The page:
Cape Parrot Poicephalus robustus


Taxonomic note
Poicephalus robustus and P. fuscicollis (HBW and BirdLife International 2017) were previously lumped as P. robustus (del Hoyo and Collar 2014), but have been split following work by Collar and Fishpool (2017) who showed that the form robustus reached species rank under the Tobias criteria on morphological scoring alone, with the difference augmented by voice (7+3 = 10). The newly-defined P. robustus is monotypic, while P. fuscicollis is polytypic, including the races fuscicollis and suahelicus.

Taxonomic source(s)
Collar, N.J.C. and Fishpool, L.D.C. 2017. Is the Cape Parrot a species or subspecies, and does it matter to CITES? Bulletin of the African Bird Club 24(2): 156-170.
HBW and BirdLife International. 2017. Taxonomic checklist of the birds of the world. V2.0.

IUCN Red list criteria met and history
Red List criteria met
Critically Endangered Endangered Vulnerable
- - D1

Red List history
Year Category Criteria
2021 Vulnerable D1
2017 Vulnerable D1
Species attributes

Migratory status not a migrant Forest dependency Medium
Land mass type Average mass -

Estimate Data quality
Extent of Occurrence breeding/resident (km2) 270,000 medium
Number of locations -
Severely Fragmented -
Population and trend
Value Data quality Derivation Year of estimate
No. of mature individuals 730-1200 good estimated 2015
Population trend Stable estimated -
Decline (3 years/1 generation past) - - -
Decline (5 years/1 generation past) - - -
Decline (10 years/1 generation past) - - -
Decline (10 years/3 generation future) - - -
Decline (10 years/3 generation past and future) - - -
Number of subpopulations 3 - - -
Percentage in largest subpopulation 1-89 - - -
Generation length (yrs) 12.12 - - -

Population justification: The population has been assessed annually by the Cape Parrot Big Birding Day since 1997. Population numbers prior to 2002 were below 500, but since then the numbers have been higher (average 1,366 ± 245 individuals between 2008 and 2012, with a high count of 1,786 individuals in 2009; Downs et al. 2014), likely a consequence of an increase in survey coverage.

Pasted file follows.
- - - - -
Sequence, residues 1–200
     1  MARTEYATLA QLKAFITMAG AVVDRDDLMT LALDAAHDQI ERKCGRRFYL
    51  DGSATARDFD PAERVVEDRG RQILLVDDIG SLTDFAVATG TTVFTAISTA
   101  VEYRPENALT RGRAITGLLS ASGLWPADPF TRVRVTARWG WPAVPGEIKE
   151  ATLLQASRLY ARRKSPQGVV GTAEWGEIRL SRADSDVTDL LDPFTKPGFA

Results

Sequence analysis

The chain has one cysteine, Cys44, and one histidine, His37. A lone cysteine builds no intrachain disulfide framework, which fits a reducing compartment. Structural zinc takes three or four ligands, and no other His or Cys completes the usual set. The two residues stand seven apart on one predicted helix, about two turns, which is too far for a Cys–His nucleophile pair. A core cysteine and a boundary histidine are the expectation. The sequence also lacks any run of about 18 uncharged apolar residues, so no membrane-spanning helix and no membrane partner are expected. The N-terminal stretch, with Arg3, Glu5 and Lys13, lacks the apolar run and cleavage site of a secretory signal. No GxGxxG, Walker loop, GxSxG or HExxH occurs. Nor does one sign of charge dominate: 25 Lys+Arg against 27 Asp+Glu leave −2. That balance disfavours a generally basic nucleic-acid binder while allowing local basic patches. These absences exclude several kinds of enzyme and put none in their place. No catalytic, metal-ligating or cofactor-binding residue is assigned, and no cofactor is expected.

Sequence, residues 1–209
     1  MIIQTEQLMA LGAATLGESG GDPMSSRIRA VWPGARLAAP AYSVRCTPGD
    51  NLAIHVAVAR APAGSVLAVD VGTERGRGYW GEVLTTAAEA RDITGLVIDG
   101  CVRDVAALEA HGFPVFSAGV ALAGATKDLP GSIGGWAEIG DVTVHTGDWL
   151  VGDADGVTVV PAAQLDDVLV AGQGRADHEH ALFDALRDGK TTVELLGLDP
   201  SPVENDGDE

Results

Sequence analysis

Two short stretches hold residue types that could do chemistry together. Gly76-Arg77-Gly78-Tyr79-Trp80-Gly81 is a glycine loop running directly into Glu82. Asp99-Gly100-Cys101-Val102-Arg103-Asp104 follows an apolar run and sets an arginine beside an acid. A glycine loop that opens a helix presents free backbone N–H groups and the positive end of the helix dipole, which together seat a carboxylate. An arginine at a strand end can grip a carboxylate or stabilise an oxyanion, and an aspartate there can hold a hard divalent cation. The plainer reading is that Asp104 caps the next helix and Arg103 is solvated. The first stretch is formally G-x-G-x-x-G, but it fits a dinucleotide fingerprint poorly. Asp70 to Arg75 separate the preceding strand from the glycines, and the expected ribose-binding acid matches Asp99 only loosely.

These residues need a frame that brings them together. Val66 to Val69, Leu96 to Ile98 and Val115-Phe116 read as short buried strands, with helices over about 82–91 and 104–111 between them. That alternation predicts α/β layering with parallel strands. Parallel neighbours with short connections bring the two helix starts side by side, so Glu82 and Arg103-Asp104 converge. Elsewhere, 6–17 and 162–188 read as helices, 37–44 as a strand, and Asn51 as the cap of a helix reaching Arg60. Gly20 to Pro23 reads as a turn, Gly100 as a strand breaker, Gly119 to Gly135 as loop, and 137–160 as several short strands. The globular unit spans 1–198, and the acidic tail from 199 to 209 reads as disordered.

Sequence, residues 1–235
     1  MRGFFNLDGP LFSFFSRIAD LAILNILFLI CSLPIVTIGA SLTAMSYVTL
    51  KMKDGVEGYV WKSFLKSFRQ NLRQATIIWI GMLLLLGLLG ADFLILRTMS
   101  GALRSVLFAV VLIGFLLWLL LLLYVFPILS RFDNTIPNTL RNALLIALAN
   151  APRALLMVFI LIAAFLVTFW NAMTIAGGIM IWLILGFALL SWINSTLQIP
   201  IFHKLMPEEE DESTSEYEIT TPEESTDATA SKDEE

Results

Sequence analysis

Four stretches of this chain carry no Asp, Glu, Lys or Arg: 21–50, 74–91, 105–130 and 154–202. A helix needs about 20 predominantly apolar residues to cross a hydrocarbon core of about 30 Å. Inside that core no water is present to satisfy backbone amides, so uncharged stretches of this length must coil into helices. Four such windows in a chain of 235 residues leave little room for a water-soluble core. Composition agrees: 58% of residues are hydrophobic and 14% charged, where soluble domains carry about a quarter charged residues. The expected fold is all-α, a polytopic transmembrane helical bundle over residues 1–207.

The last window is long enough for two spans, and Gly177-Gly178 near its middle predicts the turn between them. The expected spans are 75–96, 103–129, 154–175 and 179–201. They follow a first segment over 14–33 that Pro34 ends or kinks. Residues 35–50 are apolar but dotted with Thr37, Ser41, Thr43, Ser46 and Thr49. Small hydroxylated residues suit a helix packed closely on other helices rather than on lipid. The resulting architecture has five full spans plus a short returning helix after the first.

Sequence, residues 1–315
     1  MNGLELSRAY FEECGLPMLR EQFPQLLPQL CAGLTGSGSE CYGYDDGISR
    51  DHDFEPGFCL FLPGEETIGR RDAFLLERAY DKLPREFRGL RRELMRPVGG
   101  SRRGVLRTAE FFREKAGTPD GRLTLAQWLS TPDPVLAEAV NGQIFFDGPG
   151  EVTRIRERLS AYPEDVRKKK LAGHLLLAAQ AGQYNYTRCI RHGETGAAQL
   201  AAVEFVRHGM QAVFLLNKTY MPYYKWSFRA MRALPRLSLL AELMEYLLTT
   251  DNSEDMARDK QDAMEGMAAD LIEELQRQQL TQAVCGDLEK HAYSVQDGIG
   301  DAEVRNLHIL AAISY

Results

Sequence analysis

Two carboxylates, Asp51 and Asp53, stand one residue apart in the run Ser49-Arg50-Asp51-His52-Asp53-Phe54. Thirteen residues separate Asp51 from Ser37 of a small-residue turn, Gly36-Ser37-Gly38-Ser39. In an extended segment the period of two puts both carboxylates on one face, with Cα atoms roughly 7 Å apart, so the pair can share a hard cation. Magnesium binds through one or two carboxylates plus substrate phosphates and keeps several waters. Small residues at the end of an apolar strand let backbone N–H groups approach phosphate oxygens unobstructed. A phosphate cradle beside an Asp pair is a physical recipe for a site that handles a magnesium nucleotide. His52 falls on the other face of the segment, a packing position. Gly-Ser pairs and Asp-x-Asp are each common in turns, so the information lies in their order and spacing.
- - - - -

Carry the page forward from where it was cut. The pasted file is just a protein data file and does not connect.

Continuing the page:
In Downs (2015) the population size was listed as 1,100-1,500 mature individuals. However, since it was stated that it was unknown what proportion of these individuals were adults, this estimate is considered here to relate to total individuals rather than mature individuals. Treating the population estimate of Downs (2015) as an estimate of the total number of individuals would also fit with the estimates presented by Downs et al. (2014) and Downs and Singh (2016). This estimate could be altered to take into account the maximum record of 2009, so that the range is 1,100-1,786 individuals, which would roughly equate to 733-1,190 mature individuals, rounded here to 730-1,200 mature individuals. There are estimated to be 60-80 individuals in the isolated Limpopo subpopulation, 500-600 in the Amatole forests, and 400-500 each in the former Transkei and southern KwaZulu-Natal forests (Downs 2015). The number of individuals in the largest population is therefore thought to be 800-1000, roughly equivalent to 530-667 mature individuals.

Trend justification: Higher numbers reported since 2002 likely reflect better survey coverage, and the population appears to have been stable over at least the 15 years of surveys from 1998-2012 (Downs et al. 2014). The 2016 survey reported a maximum of 1,499 individuals (Downs and Singh 2016) and numbers since 2012 are considered to have remained broadly stable.

Country/territory distribution
Country/Territory Occurrence status Presence Resident Breeding Non-breeding Passage
South Africa N Extant Yes

Important Bird and Biodiversity Areas (IBA)
Country/Territory IBA Name

Habitats & altitude
Habitat (level 1) Habitat (level 2) Importance Occurrence
Forest Subtropical/Tropical Moist Montane major resident
Altitude 1000 - 1400 m Occasional altitudinal limits  

Threats & impact
Threat (level 1) Threat (level 2) Impact and Stresses
Biological resource use Hunting & trapping terrestrial animals - Intentional use (species is the target) Timing Scope Severity Impact
Ongoing Majority (50-90%) Negligible declines Low Impact: 5
Species mortality
Biological resource use Logging & wood harvesting - Unintentional effects: (subsistence/small scale) [harvest] Timing Scope Severity Impact
Ongoing Minority (<50%) Negligible declines Low Impact: 4
Ecosystem degradation, Ecosystem conversion
Climate change & severe weather Habitat shifting & alteration Timing Scope Severity Impact
Future Whole (>90%) Slow, Significant Declines Low Impact: 5
Ecosystem degradation
Invasive and other problematic species, genes & diseases Viral/prion-induced diseases - Beak and Feather Disease Virus (BFDV) Timing Scope Severity Impact
Ongoing Unknown Unknown Unknown
Species mortality

Purpose Primary form used Life stage used Source Scale Level Timing
Pets/display animals, horticulture - - Non-trivial Recent

Recommended citation
BirdLife International (2022) Species factsheet: Poicephalus robustus. Downloaded from on 15/08/2022. Recommended citation for factsheets for more than one species: BirdLife International (2022) IUCN Red List for birds. Downloaded from on 15/08/2022.